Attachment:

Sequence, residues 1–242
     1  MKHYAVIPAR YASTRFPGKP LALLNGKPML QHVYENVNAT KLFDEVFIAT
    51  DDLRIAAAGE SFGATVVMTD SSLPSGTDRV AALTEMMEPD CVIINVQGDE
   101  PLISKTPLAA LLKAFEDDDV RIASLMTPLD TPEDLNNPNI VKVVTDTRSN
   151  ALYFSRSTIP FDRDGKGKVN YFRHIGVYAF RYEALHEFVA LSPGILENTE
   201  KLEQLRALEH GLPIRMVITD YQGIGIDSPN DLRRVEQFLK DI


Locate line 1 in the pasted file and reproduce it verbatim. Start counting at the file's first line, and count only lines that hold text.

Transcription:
Sequence, residues 1–242